Every so often, Apple releases something that really catches my eye. Last year, the Taptic Engine and Haptics set me aglow with curiosity and excitement. This year, with the roll-out of iOS 10.3, I’m firmly setting my eyes on the new Apple File System.
A New File System? Why Now?
The Apple File System, commonly known as APFS, is Apple’s next generation filesystem. It’s modern, rich in features, and fully optimized for all our mobile hardware needs (and Mac too!) Set to release this year, APFS updates first on your iDevices with iOS 10.3. Later in the year, it updates in macOS and all your other Apple Products’ operating systems.
Believe It or Not, That New iPhone 7+ is Using Thirty-Year-Old Tech
What may come as a surprise to the average Apple user is the fact that Apple’s innovative hardware and its sophisticated operating systems still run on a file system developed nearly three decades ago (1985 to be exact.) Yes, that’s 30 years–ancient in technology terms and older than a lot of Apple users!
Think about it. Apple developed the current file system HFS+ (Hierarchical File System Plus) in the era of floppy disks when 32 MBs of RAM was state of the art technology.
Thankfully, 2017 brings some much needed fresh air to our file systems with Apple’s most important and comprehensive file system release to date: the Apple File System (APFS). And this update is finally public on iOS 10.3.
So, let’s find out more about this significant upgrade, what’s changing and why is it so important.
What’s So Special About Apple File System?
In short, the Apple File System is revolutionary. This update does indeed “change everything.” Only this time, the revolution is behind the scenes (and not televised.) APFS is in the nuts and bolts of how our Apple products function.
As mentioned, APFS replaces the current HFS and HFS+ file systems, used by Apple since 1985 and 1998 respectively. That’s a lot of intervening years. Back when HFS and HFS+ were introduced, Solid-State Drives (SSD) and Flash Drives were just starting up in research and development. And at that time, no one imagined what they could or would become (the backbone of portable media devices and smartphones like the groundbreaking iPod and iPhone.)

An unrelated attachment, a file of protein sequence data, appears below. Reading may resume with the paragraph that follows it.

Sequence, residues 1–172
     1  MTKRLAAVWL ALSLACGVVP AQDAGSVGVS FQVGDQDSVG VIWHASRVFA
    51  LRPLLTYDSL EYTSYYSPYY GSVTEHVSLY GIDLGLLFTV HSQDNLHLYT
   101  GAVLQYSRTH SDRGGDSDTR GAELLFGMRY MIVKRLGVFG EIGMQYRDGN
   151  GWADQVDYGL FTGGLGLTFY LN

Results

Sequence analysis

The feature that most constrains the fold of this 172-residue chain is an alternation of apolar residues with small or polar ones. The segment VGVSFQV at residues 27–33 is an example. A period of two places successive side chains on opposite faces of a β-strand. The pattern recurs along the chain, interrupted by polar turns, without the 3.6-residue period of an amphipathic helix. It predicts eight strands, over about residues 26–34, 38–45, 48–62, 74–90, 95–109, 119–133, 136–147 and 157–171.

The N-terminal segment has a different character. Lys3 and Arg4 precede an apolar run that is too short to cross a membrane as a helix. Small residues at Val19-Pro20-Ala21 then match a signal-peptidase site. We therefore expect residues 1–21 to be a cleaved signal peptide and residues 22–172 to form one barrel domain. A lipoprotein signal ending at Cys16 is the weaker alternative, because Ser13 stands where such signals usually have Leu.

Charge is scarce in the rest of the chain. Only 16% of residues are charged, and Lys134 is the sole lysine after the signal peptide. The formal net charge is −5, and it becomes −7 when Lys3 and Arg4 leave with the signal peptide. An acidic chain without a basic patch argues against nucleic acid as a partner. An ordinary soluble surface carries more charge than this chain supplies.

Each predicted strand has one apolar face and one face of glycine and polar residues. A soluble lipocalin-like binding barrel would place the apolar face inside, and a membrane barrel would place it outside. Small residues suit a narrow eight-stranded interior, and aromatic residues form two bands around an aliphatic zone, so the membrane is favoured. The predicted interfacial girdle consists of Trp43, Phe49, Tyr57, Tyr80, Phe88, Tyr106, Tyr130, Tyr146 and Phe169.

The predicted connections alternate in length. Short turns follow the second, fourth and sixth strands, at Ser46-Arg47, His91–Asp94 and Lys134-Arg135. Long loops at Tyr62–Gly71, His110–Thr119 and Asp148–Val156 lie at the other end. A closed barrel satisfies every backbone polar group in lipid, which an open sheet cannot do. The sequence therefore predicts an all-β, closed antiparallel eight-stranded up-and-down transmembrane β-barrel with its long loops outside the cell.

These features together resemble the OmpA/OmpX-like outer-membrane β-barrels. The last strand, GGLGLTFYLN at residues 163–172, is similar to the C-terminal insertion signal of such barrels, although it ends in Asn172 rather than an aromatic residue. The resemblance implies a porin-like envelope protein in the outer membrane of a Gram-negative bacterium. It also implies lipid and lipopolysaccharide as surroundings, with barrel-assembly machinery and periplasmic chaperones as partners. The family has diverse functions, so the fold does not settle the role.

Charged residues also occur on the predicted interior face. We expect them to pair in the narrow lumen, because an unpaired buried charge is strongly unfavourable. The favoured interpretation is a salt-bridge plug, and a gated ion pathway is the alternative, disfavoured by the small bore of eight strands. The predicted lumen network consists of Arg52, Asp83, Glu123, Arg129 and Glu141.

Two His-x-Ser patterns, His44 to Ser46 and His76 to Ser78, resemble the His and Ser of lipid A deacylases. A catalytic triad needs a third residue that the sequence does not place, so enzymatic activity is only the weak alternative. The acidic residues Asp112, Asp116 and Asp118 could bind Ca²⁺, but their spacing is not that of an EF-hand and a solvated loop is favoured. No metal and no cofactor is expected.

Fast-forward to today and people all over the world carry their data and personal information with them 24-7 on their phones, watches, and other devices. And that data is measured in GBs and even TBs. So what Apple and its 1 billion and growing customers need is a smarter and more adaptable file system. And APFS is exactly that.
Apple File System (APFS) is Apple’s next-gen file system, optimized for the flash and solid-state drive storage used on all iDevices, MacBooks, and most new Macs. It improves performance. And it scales all Apple’s line of products and operating systems, from your Apple Watch and your Apple TV all the way to the top of the line Mac Pro.
Starting in 2017, APFS is slated as the default file system for iOS, Mac OS, tvOS, and WatchOS. And all those 1 billion iDevice and Mac users begin transitioning to this brand new Apple File System with the introduction of iOS 10.3.
What Apple Says About APFS
“Apple File System is optimized for Flash/SSD storage and features strong encryption, copy-on-write metadata, space sharing, cloning for files and directories, snapshots, fast directory sizing, atomic safe-save primitives, and improved file system fundamentals.”
Now, Let’s Untangle That
APFS is made for mobile. It calculates available and used storage capacity differently than HFS+, and that often results in having more room available for your data after updating to iOS 10.3 and APFS. So, for example, a typical 16GB iPhone with 2GB space remaining before the update shows around 3 – 4GB of available space after the upgrade, a substantial increase.
Other iDevice APFS Benefits
Current users report a slew of pluses after updating to APFS including much faster app opening and closing, swift copying of files, and quick indexing as well as exporting. Some users discover increased reliability, performance AND much better battery efficiency.
First off, the ability to create clones is going to save files efficiently. Clones allow an operating system to make fast and energy efficient file copies on a volume without needing any additional storage space.
File System Uniformity
The real beauty of APFS is that it deploys the EXACT SAME file system across all platforms, no more variations of HFS+ to accommodate different devices. APFS grows with the future. So unlike HFS or HFS+, APFS is built dynamically, recognizing the need to change-over-time as technology, software, and hardware advance.
In the coming months as Apple releases updates to all its operating systems, APFS will replace your existing file systems with the goal of having file system unity between your iDevices, Apple Watches, and Macs (and any future new Apple products.)
Copy, Move, and Write